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Although coffee may have fewer risks compared with benefits, keep in mind that other
beverages, such as milk and some fruit juices, contain nutrients that coffee does not. Also, adding
cream and sugar to your coffee adds more fat and calories. Some coffee drinks contain more than
500 calories.

Reasons We Should Drink Coffee


Every Day
1. Drinking coffee could help keep your brain healthier for longer.
2. Coffee may make you more intelligent.
3. Coffee can make you a better athlete.
4. Coffee can make you feel happier.
5. Just smelling coffee could make
you less stressed.
6. It boosts your metabolism by 11%.
7. It keeps your system cleansed.

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8. It keeps you calm(er).

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The Most Expensive Coffee In The World


Kopi luwak is the worlds most expensive coffee. The main factor of its
high price is the uncommon method of producing such a coffee. It has been
produced from the coffee beans which have been digested by a certain
Indonesian cat-like animal called then palm civet or also civet catThis is the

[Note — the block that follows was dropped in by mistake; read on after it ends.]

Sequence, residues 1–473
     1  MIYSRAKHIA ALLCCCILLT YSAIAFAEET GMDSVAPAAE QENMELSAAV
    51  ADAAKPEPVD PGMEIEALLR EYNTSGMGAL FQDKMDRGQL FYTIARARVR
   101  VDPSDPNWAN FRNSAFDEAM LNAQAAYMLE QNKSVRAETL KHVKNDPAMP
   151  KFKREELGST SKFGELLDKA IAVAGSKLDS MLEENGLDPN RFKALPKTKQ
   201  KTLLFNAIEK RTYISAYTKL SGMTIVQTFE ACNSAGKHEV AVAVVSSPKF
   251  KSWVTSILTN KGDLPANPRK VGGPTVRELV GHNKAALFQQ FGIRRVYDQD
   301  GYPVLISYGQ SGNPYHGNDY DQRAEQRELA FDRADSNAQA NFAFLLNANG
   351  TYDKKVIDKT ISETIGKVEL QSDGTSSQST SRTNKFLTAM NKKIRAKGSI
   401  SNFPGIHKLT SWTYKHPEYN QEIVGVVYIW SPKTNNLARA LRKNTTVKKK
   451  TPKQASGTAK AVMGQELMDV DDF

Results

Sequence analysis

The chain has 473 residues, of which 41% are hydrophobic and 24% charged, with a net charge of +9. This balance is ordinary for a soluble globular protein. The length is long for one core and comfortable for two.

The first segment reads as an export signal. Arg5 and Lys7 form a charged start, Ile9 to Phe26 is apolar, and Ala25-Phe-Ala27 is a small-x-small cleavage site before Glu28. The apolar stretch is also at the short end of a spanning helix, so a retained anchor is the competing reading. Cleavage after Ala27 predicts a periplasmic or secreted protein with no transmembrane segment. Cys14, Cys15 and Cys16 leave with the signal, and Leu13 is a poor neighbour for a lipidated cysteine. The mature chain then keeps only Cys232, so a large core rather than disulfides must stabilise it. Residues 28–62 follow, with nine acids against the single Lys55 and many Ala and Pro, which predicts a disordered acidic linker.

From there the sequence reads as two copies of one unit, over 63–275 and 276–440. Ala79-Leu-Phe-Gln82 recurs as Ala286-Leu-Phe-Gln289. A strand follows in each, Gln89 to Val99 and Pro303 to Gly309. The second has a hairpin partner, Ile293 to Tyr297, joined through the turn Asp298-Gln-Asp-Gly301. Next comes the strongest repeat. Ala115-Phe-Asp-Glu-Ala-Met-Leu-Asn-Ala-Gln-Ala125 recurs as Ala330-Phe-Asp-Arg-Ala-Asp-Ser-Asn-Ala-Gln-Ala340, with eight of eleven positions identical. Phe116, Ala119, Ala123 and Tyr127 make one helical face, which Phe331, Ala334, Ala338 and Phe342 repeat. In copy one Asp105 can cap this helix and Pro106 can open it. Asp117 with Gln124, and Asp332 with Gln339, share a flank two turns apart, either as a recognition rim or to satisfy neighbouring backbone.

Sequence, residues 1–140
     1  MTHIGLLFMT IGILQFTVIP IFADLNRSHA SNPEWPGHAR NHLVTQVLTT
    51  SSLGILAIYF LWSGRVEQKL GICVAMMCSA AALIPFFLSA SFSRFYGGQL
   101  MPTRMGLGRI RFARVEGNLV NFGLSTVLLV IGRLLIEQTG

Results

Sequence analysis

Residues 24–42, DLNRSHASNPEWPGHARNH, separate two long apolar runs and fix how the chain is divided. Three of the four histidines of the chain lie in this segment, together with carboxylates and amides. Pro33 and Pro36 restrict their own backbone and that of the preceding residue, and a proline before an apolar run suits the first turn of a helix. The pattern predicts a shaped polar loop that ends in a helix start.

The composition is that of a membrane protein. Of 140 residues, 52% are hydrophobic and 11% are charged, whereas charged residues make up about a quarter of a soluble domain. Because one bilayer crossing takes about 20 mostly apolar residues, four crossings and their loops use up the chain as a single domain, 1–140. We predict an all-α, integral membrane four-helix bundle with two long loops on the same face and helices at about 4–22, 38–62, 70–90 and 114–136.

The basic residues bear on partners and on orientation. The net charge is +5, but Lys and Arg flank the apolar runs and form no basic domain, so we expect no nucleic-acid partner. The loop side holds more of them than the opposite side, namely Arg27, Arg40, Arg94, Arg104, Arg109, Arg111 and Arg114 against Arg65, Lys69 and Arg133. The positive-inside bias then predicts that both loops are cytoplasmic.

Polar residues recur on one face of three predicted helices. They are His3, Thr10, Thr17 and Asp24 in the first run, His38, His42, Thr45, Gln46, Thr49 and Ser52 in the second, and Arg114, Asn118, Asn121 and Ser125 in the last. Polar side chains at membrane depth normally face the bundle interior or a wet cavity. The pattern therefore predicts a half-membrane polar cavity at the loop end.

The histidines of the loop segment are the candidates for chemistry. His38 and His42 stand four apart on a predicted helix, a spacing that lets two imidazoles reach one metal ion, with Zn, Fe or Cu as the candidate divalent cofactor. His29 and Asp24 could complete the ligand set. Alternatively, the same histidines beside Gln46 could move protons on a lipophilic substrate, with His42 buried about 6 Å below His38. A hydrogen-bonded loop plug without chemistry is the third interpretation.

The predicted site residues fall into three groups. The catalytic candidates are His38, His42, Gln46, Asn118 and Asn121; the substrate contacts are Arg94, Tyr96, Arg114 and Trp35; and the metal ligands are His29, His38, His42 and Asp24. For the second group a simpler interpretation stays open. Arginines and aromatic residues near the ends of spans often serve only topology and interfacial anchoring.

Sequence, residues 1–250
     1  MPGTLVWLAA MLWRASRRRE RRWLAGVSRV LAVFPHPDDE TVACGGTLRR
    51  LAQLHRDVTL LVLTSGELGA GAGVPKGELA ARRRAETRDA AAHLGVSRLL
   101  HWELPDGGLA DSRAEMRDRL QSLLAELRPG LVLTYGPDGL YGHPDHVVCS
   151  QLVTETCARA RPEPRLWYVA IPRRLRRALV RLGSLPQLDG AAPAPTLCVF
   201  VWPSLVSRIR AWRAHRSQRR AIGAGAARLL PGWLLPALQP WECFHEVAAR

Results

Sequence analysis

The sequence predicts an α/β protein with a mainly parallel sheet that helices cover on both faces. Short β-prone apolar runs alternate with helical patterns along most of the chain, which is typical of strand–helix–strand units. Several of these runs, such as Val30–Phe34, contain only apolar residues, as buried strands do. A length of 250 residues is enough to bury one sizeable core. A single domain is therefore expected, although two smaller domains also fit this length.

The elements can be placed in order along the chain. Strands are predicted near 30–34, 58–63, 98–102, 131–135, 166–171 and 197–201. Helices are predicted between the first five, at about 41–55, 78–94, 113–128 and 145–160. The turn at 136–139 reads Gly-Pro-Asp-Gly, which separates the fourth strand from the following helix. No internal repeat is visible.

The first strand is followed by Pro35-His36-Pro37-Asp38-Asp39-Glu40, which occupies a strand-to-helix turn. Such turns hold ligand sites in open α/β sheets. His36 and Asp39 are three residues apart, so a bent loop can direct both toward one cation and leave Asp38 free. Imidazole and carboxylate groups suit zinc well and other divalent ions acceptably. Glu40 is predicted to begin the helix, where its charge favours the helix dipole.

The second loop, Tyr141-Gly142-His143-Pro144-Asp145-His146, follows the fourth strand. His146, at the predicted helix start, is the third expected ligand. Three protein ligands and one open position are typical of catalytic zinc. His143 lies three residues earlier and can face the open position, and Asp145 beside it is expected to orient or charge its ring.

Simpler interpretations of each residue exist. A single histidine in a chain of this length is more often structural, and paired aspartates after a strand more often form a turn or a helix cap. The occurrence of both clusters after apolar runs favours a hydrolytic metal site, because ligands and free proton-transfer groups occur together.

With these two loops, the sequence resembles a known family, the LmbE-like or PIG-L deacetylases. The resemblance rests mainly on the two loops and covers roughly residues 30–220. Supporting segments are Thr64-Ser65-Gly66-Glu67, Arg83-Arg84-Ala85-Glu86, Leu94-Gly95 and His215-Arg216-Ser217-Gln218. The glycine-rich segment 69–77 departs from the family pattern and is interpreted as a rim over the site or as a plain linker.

reason kopi luwak is also called cat poop coffee or civet cat coffee. The feces of
this cat will be collected, finished and sold as kopi luwak.

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Conclusion
What Does Coffee Mean To Me?
It would normally take about an hour to answer this question but the short
answer is obviously quality. Pure flavours, interesting flavours and also
the adventure in flavours. Speciality coffee is also about the processing behind it.
Going back to the roots at the farm and then in a coffee shop how the coffee is
introduced towards the customers. The whole chain is speciality coffee for me
its not a coffee itself it is about the connections that takes place before my cup of
coffee is brewed.
An encouraging quote to end my thoughts, As long as there is coffee in the
world, how could things be bad? I stand as a strong believer in this quote because
I know that with all things a balance is required and that with coffee moderation is
best.

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Bibliography
https://en.wikipedia.org/wiki/Coffee
http://www.medicaldaily.com/health-benefits-coffee-vs-teawhich-one-better-you-309556
http://www.coffee-tea-etc.com/coffee54.1
http://www.most-expensive.coffee/kopi-luwak-making-process/